Working in a community neuro team, the Speech and Language Therapy (SLT) case load is varied and interesting. I encountered a new challenge when I received a referral from an old-age psychiatrist seeking SLT support with an assessment of decision-making capacity for a gentleman in his 60s, Paul who had aphasia following a stroke in 2012.
On exploring the case history, I discovered that Paul and his partner Jane, who had been together for 20 years and lived together since Paul’s stroke, had been to the registry office two months previous to give notice of marriage. This had been declined due to concerns from the registrar that Paul was not able to consent to the marriage, as he was unable to answer their questions. Paul and Jane approached his GP who referred him to the old age psychiatrist for a mental capacity assessment.
What is the SLT role?
I wanted to ensure I was following the correct procedures with regard to supporting a mental capacity assessment. I spoke with my trust’s mental capacity advisor to confirm that I was fulfilling my role appropriately. I read about the Mental Capacity Act1 and how it relates to marriage. Along with its key principles, most relevantly for my role the MCA stated “that all practicable steps must be taken to help the person to make a decision” . Another statement of relevance was that “nothing in this Act permits a decision on any of the following matters to be made on behalf of a person— (a) consenting to marriage or a civil partnership…” . On questioning whether a mental capacity should therefore be embarked upon in this instance I read further, in the context of mental capacity and learning disability, that “although a person cannot make a decision about marriage on another’s behalf, the principles of the Act can be used to determine whether or not a person […] has the capacity to give informed consent.”
Knowing that it would be appropriate to facilitate the mental capacity assessment, I discussed the case with my colleagues and prepared for facilitating Paul’s communication.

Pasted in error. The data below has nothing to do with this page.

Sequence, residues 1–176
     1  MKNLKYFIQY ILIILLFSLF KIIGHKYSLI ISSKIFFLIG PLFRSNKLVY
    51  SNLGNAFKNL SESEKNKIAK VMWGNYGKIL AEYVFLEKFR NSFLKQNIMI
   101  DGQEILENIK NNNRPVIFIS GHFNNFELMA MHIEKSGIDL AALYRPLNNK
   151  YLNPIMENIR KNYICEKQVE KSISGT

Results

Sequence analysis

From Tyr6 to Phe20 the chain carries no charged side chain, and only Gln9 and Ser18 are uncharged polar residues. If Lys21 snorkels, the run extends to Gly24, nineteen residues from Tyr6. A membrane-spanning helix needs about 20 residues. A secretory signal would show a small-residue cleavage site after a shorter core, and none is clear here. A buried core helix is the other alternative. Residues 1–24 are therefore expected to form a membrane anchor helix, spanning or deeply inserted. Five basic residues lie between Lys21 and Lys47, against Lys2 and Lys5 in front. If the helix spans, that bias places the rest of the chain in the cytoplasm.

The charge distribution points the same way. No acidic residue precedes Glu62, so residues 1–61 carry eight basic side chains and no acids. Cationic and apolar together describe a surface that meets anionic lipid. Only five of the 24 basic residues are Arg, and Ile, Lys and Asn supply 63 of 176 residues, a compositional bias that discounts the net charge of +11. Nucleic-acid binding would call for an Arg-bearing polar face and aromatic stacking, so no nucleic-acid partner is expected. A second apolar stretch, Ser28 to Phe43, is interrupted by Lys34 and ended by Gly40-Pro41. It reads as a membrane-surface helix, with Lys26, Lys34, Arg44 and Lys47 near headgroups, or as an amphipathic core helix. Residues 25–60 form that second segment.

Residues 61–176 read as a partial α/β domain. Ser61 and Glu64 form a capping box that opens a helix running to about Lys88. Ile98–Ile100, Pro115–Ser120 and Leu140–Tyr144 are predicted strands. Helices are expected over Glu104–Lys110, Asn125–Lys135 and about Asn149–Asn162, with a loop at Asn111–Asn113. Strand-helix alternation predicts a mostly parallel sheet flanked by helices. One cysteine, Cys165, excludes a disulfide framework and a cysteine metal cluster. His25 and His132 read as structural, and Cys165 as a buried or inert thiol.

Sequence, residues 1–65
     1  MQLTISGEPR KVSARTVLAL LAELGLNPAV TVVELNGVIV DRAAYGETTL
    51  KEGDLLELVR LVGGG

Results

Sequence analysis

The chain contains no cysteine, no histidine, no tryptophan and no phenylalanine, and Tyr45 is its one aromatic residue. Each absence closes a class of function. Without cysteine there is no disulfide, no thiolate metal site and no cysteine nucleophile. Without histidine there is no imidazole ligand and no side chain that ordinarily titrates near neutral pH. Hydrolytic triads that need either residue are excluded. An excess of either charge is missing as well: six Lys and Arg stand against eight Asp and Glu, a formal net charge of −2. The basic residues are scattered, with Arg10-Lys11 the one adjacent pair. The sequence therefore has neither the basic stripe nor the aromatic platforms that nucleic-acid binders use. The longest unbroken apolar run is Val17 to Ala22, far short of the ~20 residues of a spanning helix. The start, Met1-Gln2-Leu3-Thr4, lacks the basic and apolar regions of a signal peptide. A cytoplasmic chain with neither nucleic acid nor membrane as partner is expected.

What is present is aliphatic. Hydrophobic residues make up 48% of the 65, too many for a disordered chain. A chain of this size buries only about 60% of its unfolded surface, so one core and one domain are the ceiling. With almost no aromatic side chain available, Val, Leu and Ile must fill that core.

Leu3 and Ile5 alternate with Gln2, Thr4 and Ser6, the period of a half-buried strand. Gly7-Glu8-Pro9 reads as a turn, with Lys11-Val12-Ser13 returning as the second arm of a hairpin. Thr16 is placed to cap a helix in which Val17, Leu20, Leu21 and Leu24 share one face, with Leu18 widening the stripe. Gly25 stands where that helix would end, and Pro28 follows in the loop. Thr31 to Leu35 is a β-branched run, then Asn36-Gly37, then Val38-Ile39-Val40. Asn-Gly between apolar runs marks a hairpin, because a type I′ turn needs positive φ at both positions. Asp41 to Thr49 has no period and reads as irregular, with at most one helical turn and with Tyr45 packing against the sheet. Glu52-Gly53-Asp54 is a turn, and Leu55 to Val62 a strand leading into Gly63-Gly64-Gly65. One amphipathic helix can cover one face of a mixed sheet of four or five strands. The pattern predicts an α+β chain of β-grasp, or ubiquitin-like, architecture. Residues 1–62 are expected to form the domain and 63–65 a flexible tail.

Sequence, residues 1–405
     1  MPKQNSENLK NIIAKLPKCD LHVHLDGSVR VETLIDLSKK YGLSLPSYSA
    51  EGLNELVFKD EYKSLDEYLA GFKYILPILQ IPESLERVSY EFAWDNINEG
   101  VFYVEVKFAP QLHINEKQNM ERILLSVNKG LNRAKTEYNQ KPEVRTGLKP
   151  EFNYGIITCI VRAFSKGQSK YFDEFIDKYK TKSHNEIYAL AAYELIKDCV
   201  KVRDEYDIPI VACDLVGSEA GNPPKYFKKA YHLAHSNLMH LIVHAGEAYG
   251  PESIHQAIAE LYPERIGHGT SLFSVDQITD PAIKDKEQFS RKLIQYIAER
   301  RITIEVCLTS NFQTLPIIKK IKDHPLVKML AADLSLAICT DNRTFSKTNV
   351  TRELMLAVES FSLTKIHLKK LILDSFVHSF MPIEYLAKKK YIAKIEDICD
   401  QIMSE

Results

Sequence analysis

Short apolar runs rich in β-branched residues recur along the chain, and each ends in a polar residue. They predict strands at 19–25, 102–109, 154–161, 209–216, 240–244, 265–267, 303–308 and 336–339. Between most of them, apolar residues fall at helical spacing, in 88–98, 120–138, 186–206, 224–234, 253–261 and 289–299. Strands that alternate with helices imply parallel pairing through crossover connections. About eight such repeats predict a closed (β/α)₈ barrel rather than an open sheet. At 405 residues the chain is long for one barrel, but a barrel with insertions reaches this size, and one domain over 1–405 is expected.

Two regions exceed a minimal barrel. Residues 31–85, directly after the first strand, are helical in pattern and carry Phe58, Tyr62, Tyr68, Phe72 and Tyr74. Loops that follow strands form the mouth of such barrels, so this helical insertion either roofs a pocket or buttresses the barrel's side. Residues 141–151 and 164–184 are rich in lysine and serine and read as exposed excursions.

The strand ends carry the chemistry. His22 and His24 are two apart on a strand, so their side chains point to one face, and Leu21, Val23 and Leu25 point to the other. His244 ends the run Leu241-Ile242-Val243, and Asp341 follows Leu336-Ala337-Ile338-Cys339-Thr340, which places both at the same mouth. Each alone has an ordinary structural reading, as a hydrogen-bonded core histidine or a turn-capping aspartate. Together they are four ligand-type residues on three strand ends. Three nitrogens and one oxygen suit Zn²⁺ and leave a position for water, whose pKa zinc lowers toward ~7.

How to facilitate?
Ferguson et al investigated SLT’s opinions on how to assess prior to supporting a mental capacity assessment and found that although formal assessments were used, this was perceived as less important than informal observation of function. I saw Paul for four sessions, using formal (sub-sections from the Comprehensive Aphasia Test ) and informal assessment to develop a communication profile. Paul’s receptive language was significantly stronger than his expressive language, which was also affected by verbal dyspraxia. He had minimal verbal output consisting of automatic phrases. Paul’s verbal yes/no consistency was poor, as he often spoke an automatic phrase instead of ‘yes’ or ‘no’. He could follow three-step instructions and was able to consistently match single written words to pictures by pointing. Informal observations at Paul’s house revealed that Paul regularly practised pointing to specific written words in books when Jane read aloud. Paul was noted to communicate with greater ease at home, but was distressed by unfamiliar tasks.
What questions to ask?
To determine whether Paul could understand, retain, weigh-up and communicate his decision, the right questions would need to be asked in the right format. HM Government’s guidelines suggest possible questions:
- “What is a husband/wife?
- What is a marriage?
- What is different about being married or unmarried?”